Declines in long-term yields could lead to an impact on confidence “by causing concerns over the sustainability of the financial function in a broad sense.”
Monetary policy should be conducted in a “flexible” manner, and “other new ideas should not be off the table.”
Bankers have complained about the introduction of a negative rate on a share of the cash lenders park at the central bank. The third element of the BOJ’s approach — the buying of risk assets spanning stocks to real estate — has raised questions about corporate governance; the central bank has become an increasingly large shareholder in some private-sector companies.
While economists have floated the idea of purchases of other assets, from local-government bonds to foreign-currency denominated securities, BOJ officials have given no sign that they’re about to adopt any such new tactic. Prime Minister Shinzo Abe said Monday that BOJ purchases of foreign bonds aren’t permitted by law if intended for foreign-exchange intervention.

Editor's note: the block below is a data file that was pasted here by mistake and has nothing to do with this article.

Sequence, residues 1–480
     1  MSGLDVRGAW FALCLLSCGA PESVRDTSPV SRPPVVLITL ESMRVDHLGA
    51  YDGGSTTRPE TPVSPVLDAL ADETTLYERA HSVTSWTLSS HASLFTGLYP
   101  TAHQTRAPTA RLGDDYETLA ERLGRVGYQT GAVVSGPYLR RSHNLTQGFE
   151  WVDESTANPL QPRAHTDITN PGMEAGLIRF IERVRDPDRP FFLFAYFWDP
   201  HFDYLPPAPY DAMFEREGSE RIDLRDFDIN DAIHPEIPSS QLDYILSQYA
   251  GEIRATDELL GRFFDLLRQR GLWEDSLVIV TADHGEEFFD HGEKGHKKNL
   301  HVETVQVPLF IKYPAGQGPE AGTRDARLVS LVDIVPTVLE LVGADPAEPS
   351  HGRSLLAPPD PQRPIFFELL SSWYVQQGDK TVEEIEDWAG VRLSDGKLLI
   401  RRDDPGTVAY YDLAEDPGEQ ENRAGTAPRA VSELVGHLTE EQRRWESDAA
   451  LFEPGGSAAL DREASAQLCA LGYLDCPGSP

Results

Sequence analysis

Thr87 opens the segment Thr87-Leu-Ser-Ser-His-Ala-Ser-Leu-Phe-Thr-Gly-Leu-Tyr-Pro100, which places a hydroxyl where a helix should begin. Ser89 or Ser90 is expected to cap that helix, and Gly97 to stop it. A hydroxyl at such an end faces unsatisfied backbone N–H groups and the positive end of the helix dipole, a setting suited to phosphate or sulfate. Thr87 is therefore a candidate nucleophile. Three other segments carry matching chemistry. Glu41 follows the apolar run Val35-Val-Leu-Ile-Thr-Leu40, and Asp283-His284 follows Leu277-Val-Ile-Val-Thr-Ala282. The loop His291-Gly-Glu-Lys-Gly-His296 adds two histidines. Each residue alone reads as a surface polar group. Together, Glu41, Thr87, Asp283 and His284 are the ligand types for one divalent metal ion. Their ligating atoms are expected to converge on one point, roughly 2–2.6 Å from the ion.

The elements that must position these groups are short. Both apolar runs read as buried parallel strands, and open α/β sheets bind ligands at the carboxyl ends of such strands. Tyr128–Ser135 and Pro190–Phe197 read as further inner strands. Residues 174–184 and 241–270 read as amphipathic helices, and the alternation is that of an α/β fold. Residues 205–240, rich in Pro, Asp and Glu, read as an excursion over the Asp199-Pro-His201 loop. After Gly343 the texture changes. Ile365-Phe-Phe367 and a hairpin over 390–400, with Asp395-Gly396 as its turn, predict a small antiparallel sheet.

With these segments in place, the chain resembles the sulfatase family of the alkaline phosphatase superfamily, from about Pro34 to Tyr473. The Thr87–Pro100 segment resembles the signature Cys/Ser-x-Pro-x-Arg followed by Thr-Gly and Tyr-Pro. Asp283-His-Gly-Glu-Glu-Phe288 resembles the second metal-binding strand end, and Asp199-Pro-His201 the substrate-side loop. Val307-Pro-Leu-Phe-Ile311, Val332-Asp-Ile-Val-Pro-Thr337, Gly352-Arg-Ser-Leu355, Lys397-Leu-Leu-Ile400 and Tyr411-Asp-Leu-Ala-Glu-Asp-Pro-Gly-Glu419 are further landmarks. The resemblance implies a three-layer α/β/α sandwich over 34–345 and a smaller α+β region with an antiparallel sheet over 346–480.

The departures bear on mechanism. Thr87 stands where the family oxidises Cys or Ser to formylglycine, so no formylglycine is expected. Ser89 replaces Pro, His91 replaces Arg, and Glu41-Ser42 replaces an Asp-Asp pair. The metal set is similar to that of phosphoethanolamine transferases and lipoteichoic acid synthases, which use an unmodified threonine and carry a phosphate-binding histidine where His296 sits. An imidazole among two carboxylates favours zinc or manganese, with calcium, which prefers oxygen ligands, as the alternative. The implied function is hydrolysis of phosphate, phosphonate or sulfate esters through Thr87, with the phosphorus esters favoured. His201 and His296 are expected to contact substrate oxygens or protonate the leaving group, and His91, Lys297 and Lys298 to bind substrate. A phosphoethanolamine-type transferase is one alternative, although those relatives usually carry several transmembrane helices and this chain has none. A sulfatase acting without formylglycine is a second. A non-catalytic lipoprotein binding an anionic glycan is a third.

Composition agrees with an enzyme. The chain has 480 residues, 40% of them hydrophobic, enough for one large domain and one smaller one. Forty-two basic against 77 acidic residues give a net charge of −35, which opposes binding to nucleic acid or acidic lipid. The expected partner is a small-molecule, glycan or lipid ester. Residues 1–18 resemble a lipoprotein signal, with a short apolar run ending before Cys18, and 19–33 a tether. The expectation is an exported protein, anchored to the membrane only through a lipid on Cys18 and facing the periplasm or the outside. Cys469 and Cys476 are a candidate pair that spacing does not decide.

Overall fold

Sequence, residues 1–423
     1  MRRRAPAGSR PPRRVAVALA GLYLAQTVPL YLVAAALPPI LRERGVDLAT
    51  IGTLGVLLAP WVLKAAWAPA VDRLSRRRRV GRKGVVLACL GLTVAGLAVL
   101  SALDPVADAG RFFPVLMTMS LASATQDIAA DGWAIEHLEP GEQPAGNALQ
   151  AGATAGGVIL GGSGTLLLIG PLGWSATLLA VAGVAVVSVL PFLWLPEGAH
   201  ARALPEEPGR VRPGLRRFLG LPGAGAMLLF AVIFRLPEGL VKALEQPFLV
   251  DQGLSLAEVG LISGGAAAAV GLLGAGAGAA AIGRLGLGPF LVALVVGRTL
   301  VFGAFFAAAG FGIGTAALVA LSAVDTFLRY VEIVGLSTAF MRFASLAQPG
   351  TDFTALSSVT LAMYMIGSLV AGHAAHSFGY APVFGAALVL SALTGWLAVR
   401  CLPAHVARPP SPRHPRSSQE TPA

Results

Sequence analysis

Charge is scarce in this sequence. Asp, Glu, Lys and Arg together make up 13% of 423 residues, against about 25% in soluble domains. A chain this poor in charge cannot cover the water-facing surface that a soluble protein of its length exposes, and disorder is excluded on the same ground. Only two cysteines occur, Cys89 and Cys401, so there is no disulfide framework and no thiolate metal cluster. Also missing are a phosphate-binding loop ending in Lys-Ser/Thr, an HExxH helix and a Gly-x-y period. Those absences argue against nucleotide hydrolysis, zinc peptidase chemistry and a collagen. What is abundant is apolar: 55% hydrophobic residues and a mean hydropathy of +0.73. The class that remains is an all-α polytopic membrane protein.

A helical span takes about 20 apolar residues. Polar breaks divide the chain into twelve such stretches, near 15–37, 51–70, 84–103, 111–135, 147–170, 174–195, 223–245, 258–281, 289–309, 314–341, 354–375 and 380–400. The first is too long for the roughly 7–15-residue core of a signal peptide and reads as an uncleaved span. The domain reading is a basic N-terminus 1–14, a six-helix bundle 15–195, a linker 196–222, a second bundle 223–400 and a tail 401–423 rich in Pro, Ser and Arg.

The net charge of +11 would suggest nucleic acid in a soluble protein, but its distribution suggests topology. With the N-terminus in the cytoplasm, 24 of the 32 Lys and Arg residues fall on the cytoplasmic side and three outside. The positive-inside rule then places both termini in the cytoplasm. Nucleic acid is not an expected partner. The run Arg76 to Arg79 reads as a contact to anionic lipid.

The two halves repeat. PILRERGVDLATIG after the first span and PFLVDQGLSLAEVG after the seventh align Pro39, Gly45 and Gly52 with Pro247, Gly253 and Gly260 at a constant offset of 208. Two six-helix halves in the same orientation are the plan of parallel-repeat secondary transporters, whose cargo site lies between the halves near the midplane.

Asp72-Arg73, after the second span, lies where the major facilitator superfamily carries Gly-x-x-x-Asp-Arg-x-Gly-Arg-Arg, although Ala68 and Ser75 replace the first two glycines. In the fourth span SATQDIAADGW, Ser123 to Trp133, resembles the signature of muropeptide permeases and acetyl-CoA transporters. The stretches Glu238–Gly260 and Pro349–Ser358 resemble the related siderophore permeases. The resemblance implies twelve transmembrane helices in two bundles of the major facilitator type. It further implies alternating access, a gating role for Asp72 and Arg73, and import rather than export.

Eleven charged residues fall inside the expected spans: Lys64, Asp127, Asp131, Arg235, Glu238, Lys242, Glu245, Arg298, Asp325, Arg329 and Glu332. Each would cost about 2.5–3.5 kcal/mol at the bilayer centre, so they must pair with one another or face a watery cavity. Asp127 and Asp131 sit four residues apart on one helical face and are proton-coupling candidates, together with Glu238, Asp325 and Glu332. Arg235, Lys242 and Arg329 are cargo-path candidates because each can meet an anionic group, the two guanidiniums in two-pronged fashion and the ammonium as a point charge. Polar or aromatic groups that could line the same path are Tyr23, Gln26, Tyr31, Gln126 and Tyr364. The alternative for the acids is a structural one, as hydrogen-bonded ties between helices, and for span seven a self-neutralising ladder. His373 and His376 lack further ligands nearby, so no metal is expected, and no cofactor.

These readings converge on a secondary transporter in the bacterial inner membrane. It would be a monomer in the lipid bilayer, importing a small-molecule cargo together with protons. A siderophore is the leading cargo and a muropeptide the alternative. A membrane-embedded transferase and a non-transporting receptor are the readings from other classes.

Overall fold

At the Financial Markets Department, one aspect of the review is looking at the bigger-than-anticipated impact on the yields of longer-term bonds from the introduction of the short-term negative-rate policy. Another topic is assessing how bond buying has affected the stability of the financial system, according to the people familiar with the talks. While there are no apparent issues within the bank for now, the increasing presence of the BOJ could raise the risk of volatility.
Over in Research and Statistics, a focus is why inflation — which by one key measure is actually negative — is so far from the 2 percent target, according to the people. One view is that the Kuroda easing has changed the “deflationary mindset” of Japanese households and companies, though not completely eradicated the problem.
One explanation for the conundrum: inflation expectations have been more closely tied to current price behavior rather than anticipation of how policy will affect costs in the future.
The review’s conclusions are anticipated Sept. 21.